Also, I think to a certain extent there has been a changing of the guard, so to speak.
MJ's Malt Whisky Companion has been around for a long time now, and the book was such an authorative work that for years he was simply regarded as king of the whisky writers.
However, it must also be acknowledged that the book didn't really have much in the way of competition. Sure, there were other books on whisky around, but none that provided tasting notes or scores so many different whiskies.
Jim Murray's Bible was the first book to compete and offer an alternative. Jim's timing was brilliant, because his book also picked up momentum at the time MJ's 5th edition of the Companion came out.
Many long-term whisky enthusiasts acknowledged that MJ's 5th edition did not do a good job of keeping up to date, at least with the tasting notes, i.e. he did not re-visit or update the listings from the 4th edition, he simply added in the new listings and repeated the old notes that were at least six years old.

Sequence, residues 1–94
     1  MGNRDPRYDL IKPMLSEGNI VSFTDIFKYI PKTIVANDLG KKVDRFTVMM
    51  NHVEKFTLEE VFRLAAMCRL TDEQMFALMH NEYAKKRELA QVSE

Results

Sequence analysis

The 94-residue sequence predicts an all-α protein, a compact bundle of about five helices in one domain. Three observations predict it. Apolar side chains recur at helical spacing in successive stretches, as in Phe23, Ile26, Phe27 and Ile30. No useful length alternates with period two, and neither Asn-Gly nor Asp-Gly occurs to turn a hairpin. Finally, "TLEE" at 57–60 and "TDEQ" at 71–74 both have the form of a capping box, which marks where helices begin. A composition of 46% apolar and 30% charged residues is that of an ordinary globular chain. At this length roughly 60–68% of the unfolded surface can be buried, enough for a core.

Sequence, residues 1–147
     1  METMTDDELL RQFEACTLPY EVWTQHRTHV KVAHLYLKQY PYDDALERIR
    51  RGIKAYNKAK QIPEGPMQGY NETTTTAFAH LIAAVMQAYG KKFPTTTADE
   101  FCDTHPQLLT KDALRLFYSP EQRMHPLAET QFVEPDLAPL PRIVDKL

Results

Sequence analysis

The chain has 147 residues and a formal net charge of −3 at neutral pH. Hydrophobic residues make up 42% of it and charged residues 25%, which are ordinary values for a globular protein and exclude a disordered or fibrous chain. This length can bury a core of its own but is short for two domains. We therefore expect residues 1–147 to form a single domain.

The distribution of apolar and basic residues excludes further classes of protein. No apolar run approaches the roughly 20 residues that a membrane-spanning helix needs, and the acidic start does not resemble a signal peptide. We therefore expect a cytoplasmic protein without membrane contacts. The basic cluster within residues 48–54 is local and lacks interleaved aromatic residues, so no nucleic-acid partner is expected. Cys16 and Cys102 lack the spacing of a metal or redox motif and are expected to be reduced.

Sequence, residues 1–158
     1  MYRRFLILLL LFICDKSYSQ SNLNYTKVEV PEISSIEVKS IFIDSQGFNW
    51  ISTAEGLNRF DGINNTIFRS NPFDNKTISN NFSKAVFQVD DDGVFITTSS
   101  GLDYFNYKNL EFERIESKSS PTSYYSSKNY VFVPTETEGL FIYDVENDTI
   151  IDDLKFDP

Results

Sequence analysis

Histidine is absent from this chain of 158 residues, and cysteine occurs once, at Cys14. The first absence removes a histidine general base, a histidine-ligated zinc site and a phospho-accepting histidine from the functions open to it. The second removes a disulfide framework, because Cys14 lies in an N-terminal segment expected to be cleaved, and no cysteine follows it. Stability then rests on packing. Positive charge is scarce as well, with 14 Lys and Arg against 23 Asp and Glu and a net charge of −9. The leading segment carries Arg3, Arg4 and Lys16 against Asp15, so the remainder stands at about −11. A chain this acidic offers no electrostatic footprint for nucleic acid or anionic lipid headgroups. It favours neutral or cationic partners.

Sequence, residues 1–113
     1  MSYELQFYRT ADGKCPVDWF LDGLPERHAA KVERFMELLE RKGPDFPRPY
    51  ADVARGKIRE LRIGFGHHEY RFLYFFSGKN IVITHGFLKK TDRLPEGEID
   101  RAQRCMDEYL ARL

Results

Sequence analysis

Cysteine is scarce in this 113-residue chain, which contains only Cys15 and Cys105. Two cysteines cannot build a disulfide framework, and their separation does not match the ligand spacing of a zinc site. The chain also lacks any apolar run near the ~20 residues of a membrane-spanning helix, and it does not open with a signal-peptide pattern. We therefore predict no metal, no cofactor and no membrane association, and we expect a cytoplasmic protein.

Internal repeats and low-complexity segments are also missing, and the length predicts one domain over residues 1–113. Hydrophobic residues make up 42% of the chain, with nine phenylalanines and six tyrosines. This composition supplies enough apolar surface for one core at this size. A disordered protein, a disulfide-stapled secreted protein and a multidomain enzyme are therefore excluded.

This gave Jim a bit of an edge, and I think the title of "best whisky writer" has possibly shifted from MJ to JM as a result. It should also be acknowledged that MJ divides his passion with beer, whereas as JM is a little more single-minded.